|Civil Suit 76 of 2014
|Fidelity Commercial Bank Limited v Simon Maina Gachie
|19 Dec 2016
|High Court at Nairobi (Milimani Commercial Courts Commercial and Tax Division)
|Fred Andago Ochieng
|Fidelity Commercial Bank Limited v Simon Maina Gachie  eKLR
|Kosgei for the Plaintiff. Ongwae for the Defendant.
|Commercial Tax & Admiralty
|Corporation v Individual
|Kosgei for the Plaintiff. Ongwae for the Defendant.
|Both Parties Represented
|Defendant’s application dismissed
|The information contained in the above segment is not part of the judicial opinion delivered by the Court. The metadata has been prepared by Kenya Law as a guide in understanding the subject of the judicial opinion. Kenya Law makes no warranties as to the comprehensiveness or accuracy of the information
REPUBLIC OF KENYA
IN THE HIGH COURT OF KENYA AT NAIROBI
COMMERCIAL AND ADMIRALTY DIVISION
CIVIL SUIT NO. 76 OF 2014
FIDELITY COMMERCIAL BANK LIMITED..........PLAINTIFF
SIMON MAINA GACHIE.....................................DEFENDANT
1. The defendant’s application dated 25th June 2014 seeks the striking out of the suit. On the face of the application it is asserted that the reasons for asking the court to strike out the suit are as follows;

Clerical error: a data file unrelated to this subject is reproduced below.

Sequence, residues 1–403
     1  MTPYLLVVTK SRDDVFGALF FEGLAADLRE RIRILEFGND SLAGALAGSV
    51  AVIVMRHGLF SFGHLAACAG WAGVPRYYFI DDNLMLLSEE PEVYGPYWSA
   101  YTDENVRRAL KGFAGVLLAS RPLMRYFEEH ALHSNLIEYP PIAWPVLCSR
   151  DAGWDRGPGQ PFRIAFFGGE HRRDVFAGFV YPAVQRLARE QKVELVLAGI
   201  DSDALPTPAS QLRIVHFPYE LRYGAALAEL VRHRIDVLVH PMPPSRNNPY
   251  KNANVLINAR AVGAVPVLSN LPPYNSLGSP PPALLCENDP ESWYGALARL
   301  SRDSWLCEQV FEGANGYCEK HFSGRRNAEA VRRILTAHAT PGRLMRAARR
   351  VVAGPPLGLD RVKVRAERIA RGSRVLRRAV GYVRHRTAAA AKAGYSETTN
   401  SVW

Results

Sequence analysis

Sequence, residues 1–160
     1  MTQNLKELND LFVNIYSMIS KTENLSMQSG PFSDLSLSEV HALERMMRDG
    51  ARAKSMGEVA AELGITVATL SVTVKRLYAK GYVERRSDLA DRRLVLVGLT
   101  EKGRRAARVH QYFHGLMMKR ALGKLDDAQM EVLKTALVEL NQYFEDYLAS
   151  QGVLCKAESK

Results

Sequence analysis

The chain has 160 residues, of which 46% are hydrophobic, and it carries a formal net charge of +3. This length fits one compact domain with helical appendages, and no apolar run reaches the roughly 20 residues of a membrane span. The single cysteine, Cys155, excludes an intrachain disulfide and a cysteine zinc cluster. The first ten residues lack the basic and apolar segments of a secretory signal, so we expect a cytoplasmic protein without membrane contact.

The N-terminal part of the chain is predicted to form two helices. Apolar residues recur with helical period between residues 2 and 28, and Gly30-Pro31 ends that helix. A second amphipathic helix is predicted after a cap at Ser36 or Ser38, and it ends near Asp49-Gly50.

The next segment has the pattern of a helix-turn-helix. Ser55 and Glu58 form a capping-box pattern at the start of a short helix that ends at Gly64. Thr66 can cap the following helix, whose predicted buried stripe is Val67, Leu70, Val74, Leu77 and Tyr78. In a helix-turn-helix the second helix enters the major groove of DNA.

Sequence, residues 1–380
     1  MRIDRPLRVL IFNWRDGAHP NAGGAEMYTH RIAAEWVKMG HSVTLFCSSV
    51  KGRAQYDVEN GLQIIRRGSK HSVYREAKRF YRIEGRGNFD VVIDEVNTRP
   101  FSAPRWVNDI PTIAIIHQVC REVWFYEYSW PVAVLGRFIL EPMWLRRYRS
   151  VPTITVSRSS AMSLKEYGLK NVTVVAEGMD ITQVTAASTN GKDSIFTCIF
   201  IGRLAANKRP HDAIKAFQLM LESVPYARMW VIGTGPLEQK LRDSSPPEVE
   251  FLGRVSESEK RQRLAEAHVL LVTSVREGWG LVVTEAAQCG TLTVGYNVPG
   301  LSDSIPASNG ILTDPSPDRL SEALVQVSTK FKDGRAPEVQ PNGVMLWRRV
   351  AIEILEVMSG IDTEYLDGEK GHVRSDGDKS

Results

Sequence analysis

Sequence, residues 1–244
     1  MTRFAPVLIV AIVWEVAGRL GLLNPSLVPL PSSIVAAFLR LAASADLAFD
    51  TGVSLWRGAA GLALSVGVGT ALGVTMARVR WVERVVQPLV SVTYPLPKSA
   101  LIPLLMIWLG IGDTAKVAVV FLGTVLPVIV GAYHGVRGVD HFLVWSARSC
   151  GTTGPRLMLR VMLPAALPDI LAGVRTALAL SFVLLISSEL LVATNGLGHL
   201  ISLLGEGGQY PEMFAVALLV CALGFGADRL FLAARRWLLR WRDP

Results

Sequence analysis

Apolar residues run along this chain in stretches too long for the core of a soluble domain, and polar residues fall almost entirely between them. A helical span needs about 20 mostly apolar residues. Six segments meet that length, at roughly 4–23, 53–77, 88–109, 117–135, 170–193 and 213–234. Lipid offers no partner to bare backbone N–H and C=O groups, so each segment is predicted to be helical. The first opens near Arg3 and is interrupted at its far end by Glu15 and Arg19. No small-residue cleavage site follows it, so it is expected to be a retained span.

“a) That the suit herein was filed by Mr. Antony Mwangi who alleges to be an employee of the plaintiff contrary to the law.
b) That Mr. Antony Mwangi has no legal capacity to file a suit for and on behalf of the plaintiff.
c) That there was no resolution passed by the plaintiff to commence the current proceedings.
d) That there was no resolution passed by the plaintiff to appoint the firm of Philip Muoka & Company Advocates to file the current suit.
e) That the entire suit does not disclose a reasonable cause of action against the Defendant?.
2. The application is supported by the affidavit of the defendant, SIMON MAINA GACHIE.
3. He depones that because the vehicle which he had offered as security, had been repossessed and sold to recover the outstanding loan, there was no reasonable cause of action disclosed by the plaint.
4. As far as the plaintiff was concerned, the entire loan was paid off, upon the sale of the security.
5. In answer to that contention the plaintiff points out that the application was not founded upon the correct provision of the law.
6. This application was brought pursuant to Order 4 Rule 1 (4) and Order 51 of the Civil Procedure Rules. The defendant also cited Sections 3 and 3A of the Civil Procedure Act and “All Enabling Provisions of the Law?.